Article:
DUBAI AIRSHOW NEWS: Boeing Pitching F-15EX to International Customers

By Laura Heckmann

Boeing image

DUBAI, United Arab Emirates — Boeing is actively pitching the U.S. Air Force’s new F-15EX to international customers by highlighting a host of new features.

The F-15EX boasts increased weapons capacity, next-generation survivability and a modern software infrastructure, and the world is taking notice, executives said.

Boeing has already signed a memorandum of understanding with Indonesia for 24 aircraft and is currently in talks with Poland, who have asked for 32, Rob Novotny, executive director of F-15 Business Development for Boeing said during a media briefing at the Dubai Airshow Nov. 13.

As Boeing continues to eye international customers, its expanding footprint has also meant adjusting to a broader customer base. One of the aircraft’s defining upgrades is its electronic warfare system, and fitting it to international customers means it will get them own configurations.

Boeing describes the electronic warfare suite, or the Eagle Passive Active Warning Survivability System, as redefining how to achieve and maintain a state of low detectability. Novotny said the system will “change the discussion about what [it means] to operate in an enemy air defense sector.”

“So for years we've thought about operating within … enemy air defenses based on shapes and material coatings,” he said. “[Electronic Warfare] has been a … part of that and most of those platforms couldn't do it without some level of [electronic warfare].”

The F-15EX’s electronic warfare system “is going to change that discussion completely,” he said. “The results are going to be that we're going to have a living adaptive [electronic warfare] system that is going to change as fast, if not faster, than the threat, and it's not going to come with the restricted things that shapes and … materials come with.”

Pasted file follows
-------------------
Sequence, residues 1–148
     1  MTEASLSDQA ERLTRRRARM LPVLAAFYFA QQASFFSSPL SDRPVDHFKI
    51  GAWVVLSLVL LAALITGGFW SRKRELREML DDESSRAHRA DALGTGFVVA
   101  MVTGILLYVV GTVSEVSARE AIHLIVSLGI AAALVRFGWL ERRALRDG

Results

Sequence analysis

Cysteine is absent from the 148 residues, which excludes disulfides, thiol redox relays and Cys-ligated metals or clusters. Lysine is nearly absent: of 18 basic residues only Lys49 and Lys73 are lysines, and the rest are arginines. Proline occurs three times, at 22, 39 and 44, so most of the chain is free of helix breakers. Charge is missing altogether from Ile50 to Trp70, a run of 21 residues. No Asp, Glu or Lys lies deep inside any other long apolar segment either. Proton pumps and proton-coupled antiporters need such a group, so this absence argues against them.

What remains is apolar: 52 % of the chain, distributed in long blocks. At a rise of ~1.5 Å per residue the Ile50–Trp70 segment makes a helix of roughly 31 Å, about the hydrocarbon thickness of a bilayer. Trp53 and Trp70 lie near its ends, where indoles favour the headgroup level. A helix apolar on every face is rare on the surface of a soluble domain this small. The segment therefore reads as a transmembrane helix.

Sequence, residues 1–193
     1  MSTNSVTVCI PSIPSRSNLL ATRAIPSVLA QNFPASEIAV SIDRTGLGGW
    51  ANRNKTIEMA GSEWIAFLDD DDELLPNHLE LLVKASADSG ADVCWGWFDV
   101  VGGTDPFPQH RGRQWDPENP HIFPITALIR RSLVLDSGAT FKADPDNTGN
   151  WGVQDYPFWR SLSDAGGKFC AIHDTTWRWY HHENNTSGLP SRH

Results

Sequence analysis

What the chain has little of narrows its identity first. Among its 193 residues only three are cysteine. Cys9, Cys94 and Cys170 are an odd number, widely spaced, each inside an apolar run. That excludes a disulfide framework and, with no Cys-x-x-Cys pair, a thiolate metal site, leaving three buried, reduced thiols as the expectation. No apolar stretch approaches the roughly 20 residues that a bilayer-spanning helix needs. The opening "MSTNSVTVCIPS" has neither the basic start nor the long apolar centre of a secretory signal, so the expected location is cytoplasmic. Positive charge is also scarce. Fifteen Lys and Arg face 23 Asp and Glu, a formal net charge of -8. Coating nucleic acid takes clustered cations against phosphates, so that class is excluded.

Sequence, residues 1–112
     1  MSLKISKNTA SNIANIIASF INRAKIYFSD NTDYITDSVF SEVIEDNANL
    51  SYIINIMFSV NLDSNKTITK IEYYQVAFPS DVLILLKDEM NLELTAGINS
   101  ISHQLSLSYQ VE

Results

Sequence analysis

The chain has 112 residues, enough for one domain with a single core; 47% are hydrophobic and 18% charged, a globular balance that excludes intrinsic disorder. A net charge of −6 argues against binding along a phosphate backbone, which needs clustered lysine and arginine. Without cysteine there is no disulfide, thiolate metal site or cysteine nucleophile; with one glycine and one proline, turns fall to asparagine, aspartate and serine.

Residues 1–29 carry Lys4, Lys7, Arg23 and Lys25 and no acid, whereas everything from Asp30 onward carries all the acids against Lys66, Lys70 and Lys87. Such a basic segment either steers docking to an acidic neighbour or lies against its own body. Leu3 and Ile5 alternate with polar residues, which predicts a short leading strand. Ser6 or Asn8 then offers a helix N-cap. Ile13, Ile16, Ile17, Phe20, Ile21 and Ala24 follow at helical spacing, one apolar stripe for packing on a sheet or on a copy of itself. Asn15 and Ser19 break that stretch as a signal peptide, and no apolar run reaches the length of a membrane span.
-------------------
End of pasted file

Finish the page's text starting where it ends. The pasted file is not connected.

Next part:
And international customers are going to want it, he said.

The electronic warfare system’s international configuration was sparked by a contract Boeing recently signed with Japanese Self-Defense Forces, allowing Boeing to “expand the electronic warfare system into an international configuration,” Mark Sears, vice president and program manager for the Boeing Fighters Air Dominance Program, said.

The international configuration “is really more about an obsolescence redesign than it is anything you need for the international customer,” Sears said. “All international configurations do have slight variations. So there is some development work there. But it's mostly about obsolescence.”

Novotny said any international customers interested in flying the F-15EX “[are] interested in either some kind of modernization plan — we’re having those conversations — or depending on the state of their fleet, all new builds. All of those conversations are ongoing.”

Novotny said Japan and Korea are “very interested” in the F-15EX’s cockpit changes, for example. The F-15EX will feature a “whole new cockpit setup,” he said. “Essentially a singular piece of glass called the large area display that allows you to touch that, completely night vision capable, totally resilient.”

In regards to talks with Israel, he said “there is a lot of deference right now … given the situation. So we're not talking right now.”

According to a Boeing fact sheet, F-15EX design had allies and partners in mind all along. It says it is “designed for interoperability within the joint force,” and Boeing is marketing it as such. “With the next-generation capability it brings to the warfighter, global allies will have access to the latest technology and allied interoperability capability within their fleet,” the fact sheet read.

Given the international interest in the aircraft, production could ramp up, as well. Sears said their ability to keep up with additional orders on top of their Air Force commission could depend on the timing. They are currently on a schedule for one and half units per month, “and we are accelerating to two units per month in 2025,” Novotny said.

Sears said depending on when international partners are looking to buy and what delivery profile that would look like, they may need to evaluate having to go beyond two per month, but likely not til the “tail end of this decade.”

For now, the Air Force has awarded lots 1, 2, 3 and 4 for F-15EXs, as well as advanced procurement for a lot 5, Novotny said. “As so we see a long production run out into 2027, 2028 already contracted by the U.S. Air Force.”

Flyaway costs are expected to be between $94 million to $97 million per aircraft, according to the Air Force.

The F-15EX had its first flight earlier this month and “we have four … EX jets that are on the flight ramp to deliver this year still,” he said.

The Air Force’s current program of record is sitting at 104 through fiscal year 2025, Sears said. “But that is constantly in evaluation.”


Topics: Air Power, International

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